Perhaps my favourite Australian band of the era, recorded live and absolutely rocking! A pretty rough recording, this version of their second most famous tune is up there with ‘Ya Yas’ Stones for me. As popular as they were, Daddy Cool remain completely under-rated, and their record company should be absolutely ashamed of the shoddy way they’ve handed the band’s catalogue!


Cold Chisel – Goodbye (Astrid, Goodbye)

Whilst the Dingoes are considered by some to be the pinnacle of Ausrock in the ‘70s because of their great songs and Brod Smith’s amazing voice, Chisel, who obviously had much more commercial success, are often derided as bogan pub rockers. Which is a great injustice; early Chisel were everything that the Dingoes were and then some, and in Don Walker they had one of Australia’s all-time great songwriters. Even this throwaway track is an absolute ripper , with every line is a winner. It’s begging for a  Jerry Lee Lewis cover actually.  


-Dave Laing



Be sure to check back tomorrow as Dave delves into the country-rock of ‘Boogie! Presents Silver Roads – Australian Country-Rock & Singer-Songwriters of the ‘70s’

Breaking Bloody Records Is Flaming Hard But Makes Good Coyne



Remember that time Wayne Coyne and his Flaming Lips made vinyl out of blood? Nope, not kidding. A few weeks back The Flaming Lips put out their Heady Fwends record store day 12” which turned out to be a veritable wet dream for hipsters of all generations. The track listing boasted collaborations with Bon Iver, Yoko Ono, Ke$ha, Nick Cave, Jim James and not a few other sizeable names. You’ll even find Siri, Apple’s voice command software, makes an appearance of the record. And I won’t go on about it but I will point you to this video that’ll give you some insight into what could become of the most collectible pieces of music memorabilia of all time. That’s right, the very, very limited edition of Heady Fwends was pressed with the blood of its collaborators. Heavy indeed.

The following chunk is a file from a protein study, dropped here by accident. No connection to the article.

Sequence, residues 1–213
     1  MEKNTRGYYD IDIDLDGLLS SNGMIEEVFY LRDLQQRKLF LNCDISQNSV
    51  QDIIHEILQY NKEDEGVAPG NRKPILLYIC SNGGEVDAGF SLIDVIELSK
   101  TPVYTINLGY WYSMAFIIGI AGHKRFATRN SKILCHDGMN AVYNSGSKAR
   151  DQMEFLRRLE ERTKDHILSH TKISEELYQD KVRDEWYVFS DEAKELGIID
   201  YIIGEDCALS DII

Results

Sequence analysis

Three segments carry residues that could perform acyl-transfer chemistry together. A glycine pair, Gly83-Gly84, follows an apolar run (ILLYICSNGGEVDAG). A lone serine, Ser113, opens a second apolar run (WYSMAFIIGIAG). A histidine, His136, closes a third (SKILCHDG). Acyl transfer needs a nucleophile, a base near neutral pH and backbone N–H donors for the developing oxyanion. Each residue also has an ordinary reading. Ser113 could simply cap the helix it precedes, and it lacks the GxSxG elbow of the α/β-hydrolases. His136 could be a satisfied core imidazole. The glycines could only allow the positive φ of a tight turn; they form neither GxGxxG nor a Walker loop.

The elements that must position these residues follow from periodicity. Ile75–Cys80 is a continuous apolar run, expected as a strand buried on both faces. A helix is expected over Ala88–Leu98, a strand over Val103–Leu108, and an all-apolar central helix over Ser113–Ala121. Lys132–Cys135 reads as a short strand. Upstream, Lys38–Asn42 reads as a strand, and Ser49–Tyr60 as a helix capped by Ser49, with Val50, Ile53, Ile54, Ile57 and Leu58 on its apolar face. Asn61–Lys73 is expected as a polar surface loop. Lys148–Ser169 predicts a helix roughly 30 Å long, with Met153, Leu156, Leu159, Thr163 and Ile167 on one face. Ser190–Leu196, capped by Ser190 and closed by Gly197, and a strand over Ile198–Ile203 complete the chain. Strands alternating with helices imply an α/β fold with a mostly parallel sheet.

It seems that Coyne et al aren’t content to ride the wake of each publicity stunt for more than a few moments as they appear to have already moved on to the next fantastically ridiculous absurdity. This time they’re endeavoring to break the Guinness World Record for most live concerts in 24 hours in multiple cities, currently held by Jay-Z. This will see the Lips performing eight shows in eight cities over 24 hours. They’ll be supported on different legs modern pedigree in Gary Clark Jr., Givers, Grimes, Neon Indian and more. You can’t argue that wouldn’t be a cracking tour to follow and one that wouldn’t require you to take any annual leave to track from one end to the other. 

It’s all happening in collaboration with the O Music Awards (because we need more music awards) which will be presenting an award every hour for the full 24 hours. Supposedly it’s the world’s first 24 hour music awards show but having sat through the ARIAs last year I’m pretty sure I aged a full 24 hours in the three that I wasted there so I argue that this is no new thing. Media rumblings suggest that The Flaming Lips will be selling limited editions shirts woven entirely from Wayne Coyne’s pubes throughout the 24 hours. I don’t doubt it.